• Each storey must be 4m (approx. 13 feet) high.
  • Vertical plane production within the vertical building.
  • Requires 45 watts/sq. ft. per hour, at 18 hours per day for ~3.5 square feet of production.

I think this implies:

  • area = 64m x 64m x 6 = 24576m2 area
  • power = 45W/ft2 = 484.376W/m2
  • energy = area x power = 24576m2 x 484.376W/m2 = 11.9MW

His calculations show ~11.9MW to feed 1,000 people; my calculations show ~2.68MW to feed 350 people, which is ~7.66MW to feed 1,000.


What assumptions made for total1 are incorrect, if any, and how can they be corrected?

  • 2
    You haven't reference any of your sources. I think the core problem is that both sets of numbers are very soft. When you start with "I assume this, give or take 50%" and proceed to layer more assumptions like that on top, getting out the end only 40% different is sheer luck. Actual farmers who've been doing this for decades can't get the accuracy you seem to expect.
    – Ⴖuі
    Nov 16, 2015 at 8:18
  • 1
    Of the first three numbers one is an assumption (350 people), the other two need references (7500kJ x 365). You apparently require 3 significant figures (better than .5% accuracy), rounding off the length of a year to 365 gives you a starting error of -0.07%, about 1/10th of your total allowed error. So a reference saying "both caclulations use a 365 day year" would be useful. I think you'd best specify timezone/localtime as well, because half a day is another 2/10ths of your allowed error. You're asking someone to do a lot of work, but you haven't demonstrated that you'd appreciate the result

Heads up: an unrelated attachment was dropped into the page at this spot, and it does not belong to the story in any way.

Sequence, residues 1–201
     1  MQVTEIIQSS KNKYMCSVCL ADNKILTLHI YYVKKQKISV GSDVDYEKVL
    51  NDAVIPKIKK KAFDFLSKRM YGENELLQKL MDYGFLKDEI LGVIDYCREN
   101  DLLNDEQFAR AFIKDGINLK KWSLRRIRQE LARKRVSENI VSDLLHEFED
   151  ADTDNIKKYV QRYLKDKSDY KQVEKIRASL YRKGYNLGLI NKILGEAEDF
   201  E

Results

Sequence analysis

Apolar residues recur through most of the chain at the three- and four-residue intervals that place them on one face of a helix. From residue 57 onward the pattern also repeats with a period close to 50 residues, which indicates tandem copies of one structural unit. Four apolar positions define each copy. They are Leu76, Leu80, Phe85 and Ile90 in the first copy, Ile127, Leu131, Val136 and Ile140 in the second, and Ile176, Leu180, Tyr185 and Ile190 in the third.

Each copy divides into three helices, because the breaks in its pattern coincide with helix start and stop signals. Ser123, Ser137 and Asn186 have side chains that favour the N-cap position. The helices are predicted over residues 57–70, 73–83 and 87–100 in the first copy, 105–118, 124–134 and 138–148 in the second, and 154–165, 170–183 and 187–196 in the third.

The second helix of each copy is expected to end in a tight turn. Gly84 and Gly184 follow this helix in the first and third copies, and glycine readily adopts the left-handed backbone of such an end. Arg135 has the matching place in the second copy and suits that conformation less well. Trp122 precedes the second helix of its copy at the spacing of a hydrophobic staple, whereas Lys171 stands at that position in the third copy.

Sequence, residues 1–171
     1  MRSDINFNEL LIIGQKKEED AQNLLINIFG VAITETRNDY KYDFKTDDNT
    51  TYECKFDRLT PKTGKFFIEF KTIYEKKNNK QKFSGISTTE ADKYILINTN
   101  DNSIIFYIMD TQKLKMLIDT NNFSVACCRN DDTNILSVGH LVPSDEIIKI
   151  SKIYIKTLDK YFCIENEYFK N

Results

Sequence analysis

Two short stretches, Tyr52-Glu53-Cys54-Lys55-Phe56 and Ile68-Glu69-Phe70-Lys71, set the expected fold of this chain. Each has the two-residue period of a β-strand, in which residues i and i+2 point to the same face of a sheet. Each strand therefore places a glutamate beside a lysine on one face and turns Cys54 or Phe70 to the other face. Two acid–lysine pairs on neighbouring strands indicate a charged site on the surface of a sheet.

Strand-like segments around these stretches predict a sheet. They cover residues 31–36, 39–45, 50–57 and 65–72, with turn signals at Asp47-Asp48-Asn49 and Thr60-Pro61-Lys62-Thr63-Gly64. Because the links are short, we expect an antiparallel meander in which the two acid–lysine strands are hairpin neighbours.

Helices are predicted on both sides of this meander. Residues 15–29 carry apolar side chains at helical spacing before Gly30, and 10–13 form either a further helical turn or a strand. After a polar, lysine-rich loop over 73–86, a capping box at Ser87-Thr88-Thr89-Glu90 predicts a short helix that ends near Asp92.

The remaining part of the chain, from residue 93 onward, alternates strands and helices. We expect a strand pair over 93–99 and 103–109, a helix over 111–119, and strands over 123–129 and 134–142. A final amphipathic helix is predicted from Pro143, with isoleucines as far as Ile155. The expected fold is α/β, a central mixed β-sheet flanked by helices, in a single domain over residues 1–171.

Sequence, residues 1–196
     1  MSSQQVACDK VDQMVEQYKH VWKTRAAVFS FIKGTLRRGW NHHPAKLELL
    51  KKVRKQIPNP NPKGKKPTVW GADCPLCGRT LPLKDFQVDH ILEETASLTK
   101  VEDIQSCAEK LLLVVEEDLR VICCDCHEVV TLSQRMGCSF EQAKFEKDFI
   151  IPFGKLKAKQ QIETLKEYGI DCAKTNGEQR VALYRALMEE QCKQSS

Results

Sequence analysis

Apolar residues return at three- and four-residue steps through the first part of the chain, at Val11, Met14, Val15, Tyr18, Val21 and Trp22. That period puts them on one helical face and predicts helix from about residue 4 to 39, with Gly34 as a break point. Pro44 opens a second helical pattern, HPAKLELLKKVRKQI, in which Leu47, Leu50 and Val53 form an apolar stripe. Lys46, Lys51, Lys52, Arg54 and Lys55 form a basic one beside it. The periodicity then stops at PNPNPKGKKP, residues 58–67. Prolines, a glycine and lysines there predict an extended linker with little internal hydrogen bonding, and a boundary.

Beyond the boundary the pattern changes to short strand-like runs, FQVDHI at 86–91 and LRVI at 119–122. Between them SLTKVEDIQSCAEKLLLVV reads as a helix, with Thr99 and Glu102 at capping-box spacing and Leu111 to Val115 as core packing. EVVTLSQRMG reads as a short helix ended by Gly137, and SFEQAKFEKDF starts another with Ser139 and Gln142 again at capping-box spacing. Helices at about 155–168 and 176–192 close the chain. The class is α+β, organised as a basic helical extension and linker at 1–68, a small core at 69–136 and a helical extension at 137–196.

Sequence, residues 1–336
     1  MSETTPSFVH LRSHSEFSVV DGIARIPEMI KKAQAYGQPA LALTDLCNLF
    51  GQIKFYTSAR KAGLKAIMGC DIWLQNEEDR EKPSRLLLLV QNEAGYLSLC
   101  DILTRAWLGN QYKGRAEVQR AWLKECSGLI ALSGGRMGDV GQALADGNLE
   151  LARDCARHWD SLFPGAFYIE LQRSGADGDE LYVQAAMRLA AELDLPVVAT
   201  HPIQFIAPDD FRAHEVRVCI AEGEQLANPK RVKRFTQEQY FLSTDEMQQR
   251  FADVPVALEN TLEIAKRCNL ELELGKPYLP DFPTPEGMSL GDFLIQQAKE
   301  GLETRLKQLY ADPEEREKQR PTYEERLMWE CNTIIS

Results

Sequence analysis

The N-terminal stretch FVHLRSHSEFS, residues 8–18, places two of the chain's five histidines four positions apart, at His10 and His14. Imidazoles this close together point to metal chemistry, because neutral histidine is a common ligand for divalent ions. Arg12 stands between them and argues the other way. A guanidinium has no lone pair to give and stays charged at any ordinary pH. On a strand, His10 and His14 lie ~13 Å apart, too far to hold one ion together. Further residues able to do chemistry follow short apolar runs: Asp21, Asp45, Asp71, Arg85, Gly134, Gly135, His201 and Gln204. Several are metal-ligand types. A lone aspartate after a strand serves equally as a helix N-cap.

– Ⴖuі
    Nov 18, 2015 at 6:13
  • 2
    You should also be aware that you have long chains of calculations, with several parameters in between that have uncertainties (error bars). We know from numerical analysis that e.g. calculating X [+/- dX] times Y [+/- dY] gives us as XY [+/- dZ], where the error dZ derives from dX and dY, but I forgot the exact calculation (last time I did that is approx 30 years ago). So the more assumptions in your chain, the larger the uncertainty in the final outcome.
    – user2451
    Nov 18, 2015 at 11:31

1 Answer 1


Given the uncertainties in many of your numbers, your answer is consistent with Nate Storey's.

Your assumption of 303 lm/W for LEDs doesn't look plausible to me - that's very different to the sort of efficiencies I see on the market. Half that would be much more plausible. So no, your total1 calculation doesn't look right to me.

And you do need to account for uncertainties in the calculation.

All in all, with these sorts of complex systems, the sort of back-of-envelope calculation you've done is all very well as a first step, but only as a first step. The next step is to build a very small-scale prototype system and start looking at real data, for each of the system components, and for the system as a whole. And look at what other people have done: real-world experiments with empirical data.

Model, experiment, reconcile, repeat.

Only then will you find out if your calculation is correct and meaningful.

  • 1
    But now you don't know if you have enough light. And all of your input numbers have uncertainties. Energy consumption per person. Available energy per tomato. How representative a tomato is of food generally (these people aren't going to live on tomatoes alone). Growth rates. Success rates. And so on.
    – 410 gone
    Nov 19, 2015 at 9:39